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In Tajikistan, Water Users Associations Help Diversify Agriculture and Build Communities

Mamlakat Abduqahorova has been successfully chairing the Havaskor-1 Water Users Association in rural Khatlon, Tajikistan since its formation a year ago, and is one of a select few women nationwide who lead such groups.

It’s an important job, because the economy and food security in Abduqahorova’s district depend in large part on its irrigation-fed agriculture system, which was developed during Soviet rule to support cotton crops.

The irrigation system was in need of serious upgrades in order to help farmers diversify agricultural production, as cotton is no longer profitable. 

“No one wanted to take responsibility for its maintenance and improvement within the last 15 to 17 years,” Abduqahorova says of the irrigation system. “People were too busy with their own problems and the government did not have enough funds.”

In Tajikistan, Feed the Future improves farmers’ access to irrigation water in part by helping water users associations better manage and operate their own irrigation systems. This includes planning fair and efficient distribution of water and performing necessary maintenance on irrigation infrastructure. As part of its Feed the Future activities in the country, the U.S. Agency for International Development (USAID) has helped form over 50 water users associations organized into four federations, benefitting over 200,000 people in Tajikistan.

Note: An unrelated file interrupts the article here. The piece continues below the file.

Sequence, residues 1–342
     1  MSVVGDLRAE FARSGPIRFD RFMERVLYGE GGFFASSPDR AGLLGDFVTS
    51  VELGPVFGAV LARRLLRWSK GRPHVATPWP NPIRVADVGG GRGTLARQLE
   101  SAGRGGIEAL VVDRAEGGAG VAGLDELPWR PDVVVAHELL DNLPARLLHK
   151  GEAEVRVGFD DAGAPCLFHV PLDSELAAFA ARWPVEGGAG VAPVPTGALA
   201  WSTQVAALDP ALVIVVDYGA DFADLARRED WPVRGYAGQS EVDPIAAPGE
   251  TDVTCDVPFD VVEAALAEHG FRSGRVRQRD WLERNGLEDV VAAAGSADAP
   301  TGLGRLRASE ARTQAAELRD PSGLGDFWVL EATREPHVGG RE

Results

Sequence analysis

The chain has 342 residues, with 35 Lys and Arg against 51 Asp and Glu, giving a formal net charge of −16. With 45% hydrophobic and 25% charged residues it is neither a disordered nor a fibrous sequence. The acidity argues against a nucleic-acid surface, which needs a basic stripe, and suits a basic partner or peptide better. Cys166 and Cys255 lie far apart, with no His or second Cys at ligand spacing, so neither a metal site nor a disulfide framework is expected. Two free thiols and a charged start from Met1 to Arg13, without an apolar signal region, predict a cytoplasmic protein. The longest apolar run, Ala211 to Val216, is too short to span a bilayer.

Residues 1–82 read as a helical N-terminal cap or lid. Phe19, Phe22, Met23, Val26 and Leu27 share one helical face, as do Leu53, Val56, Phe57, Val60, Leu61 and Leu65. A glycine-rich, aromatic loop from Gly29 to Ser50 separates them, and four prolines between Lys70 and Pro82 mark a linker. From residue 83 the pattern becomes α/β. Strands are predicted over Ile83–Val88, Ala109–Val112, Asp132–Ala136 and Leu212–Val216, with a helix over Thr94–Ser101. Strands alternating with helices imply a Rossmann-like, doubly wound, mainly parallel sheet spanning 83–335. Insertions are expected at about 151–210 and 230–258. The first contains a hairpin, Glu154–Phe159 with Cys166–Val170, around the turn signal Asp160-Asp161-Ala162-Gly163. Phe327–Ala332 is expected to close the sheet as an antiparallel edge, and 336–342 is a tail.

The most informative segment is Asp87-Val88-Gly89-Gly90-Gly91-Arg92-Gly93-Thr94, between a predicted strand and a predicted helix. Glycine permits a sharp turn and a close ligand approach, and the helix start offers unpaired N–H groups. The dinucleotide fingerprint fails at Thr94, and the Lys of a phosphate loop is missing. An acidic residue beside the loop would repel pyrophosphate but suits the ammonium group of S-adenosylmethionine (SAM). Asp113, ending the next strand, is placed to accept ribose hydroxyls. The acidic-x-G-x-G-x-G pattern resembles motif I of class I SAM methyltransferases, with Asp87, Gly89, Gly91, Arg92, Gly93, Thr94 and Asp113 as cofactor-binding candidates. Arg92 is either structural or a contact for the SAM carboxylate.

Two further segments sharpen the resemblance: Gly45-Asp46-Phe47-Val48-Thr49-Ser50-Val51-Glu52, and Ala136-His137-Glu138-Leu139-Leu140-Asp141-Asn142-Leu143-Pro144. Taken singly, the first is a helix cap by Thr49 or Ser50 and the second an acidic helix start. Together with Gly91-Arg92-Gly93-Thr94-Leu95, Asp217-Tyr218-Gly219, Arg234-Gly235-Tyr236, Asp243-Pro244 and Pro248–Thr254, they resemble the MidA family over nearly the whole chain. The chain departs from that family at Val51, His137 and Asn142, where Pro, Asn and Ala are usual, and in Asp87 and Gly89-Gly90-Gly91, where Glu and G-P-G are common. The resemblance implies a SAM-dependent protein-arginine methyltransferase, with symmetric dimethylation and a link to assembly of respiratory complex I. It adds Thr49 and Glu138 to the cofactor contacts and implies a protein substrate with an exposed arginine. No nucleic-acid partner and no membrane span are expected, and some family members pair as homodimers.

These associations are not only essential to sustaining agricultural livelihoods, they also play an important role in community development – water users working together along irrigation canals build and share critical knowledge on water-borne diseases, food preservation, and children’s nutrition. The associations also provide opportunities for women’s participation and leadership.

“Working in the fields, women experience firsthand how lack of water affects the ability of crops to grow,” says Abduqahorova. “Women with leadership skills are taking more initiative, organizing their own farms and employing other women on their farms.”

Abduqahorova is committed to building irrigation management systems that can be effectively maintained in the long term. “We want to make Havaskor-1 sustainable,” she says. “We’ll continue maintenance of canals and rehabilitating water gates to provide the farmers conditions for better harvests. We put a lot of our time and effort into this process and as a result will never let it collapse again.”

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